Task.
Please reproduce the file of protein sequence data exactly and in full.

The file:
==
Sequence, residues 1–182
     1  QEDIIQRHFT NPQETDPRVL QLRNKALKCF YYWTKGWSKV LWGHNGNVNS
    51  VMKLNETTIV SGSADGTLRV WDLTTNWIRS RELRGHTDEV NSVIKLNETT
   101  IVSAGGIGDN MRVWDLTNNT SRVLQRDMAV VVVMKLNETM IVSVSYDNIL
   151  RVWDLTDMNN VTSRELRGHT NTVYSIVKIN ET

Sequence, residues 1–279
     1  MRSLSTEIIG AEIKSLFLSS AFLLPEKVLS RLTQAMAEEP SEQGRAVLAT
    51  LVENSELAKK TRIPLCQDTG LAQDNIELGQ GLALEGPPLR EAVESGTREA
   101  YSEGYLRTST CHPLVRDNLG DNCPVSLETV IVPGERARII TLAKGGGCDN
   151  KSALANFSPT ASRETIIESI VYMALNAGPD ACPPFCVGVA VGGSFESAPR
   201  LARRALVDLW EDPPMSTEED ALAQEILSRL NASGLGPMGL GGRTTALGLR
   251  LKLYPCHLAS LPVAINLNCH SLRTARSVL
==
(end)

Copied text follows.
Sequence, residues 1–182
     1  QEDIIQRHFT NPQETDPRVL QLRNKALKCF YYWTKGWSKV LWGHNGNVNS
    51  VMKLNETTIV SGSADGTLRV WDLTTNWIRS RELRGHTDEV NSVIKLNETT
   101  IVSAGGIGDN MRVWDLTNNT SRVLQRDMAV VVVMKLNETM IVSVSYDNIL
   151  RVWDLTDMNN VTSRELRGHT NTVYSIVKIN ET

Sequence, residues 1–279
     1  MRSLSTEIIG AEIKSLFLSS AFLLPEKVLS RLTQAMAEEP SEQGRAVLAT
    51  LVENSELAKK TRIPLCQDTG LAQDNIELGQ GLALEGPPLR EAVESGTREA
   101  YSEGYLRTST CHPLVRDNLG DNCPVSLETV IVPGERARII TLAKGGGCDN
   151  KSALANFSPT ASRETIIESI VYMALNAGPD ACPPFCVGVA VGGSFESAPR
   201  LARRALVDLW EDPPMSTEED ALAQEILSRL NASGLGPMGL GGRTTALGLR
   251  LKLYPCHLAS LPVAINLNCH SLRTARSVL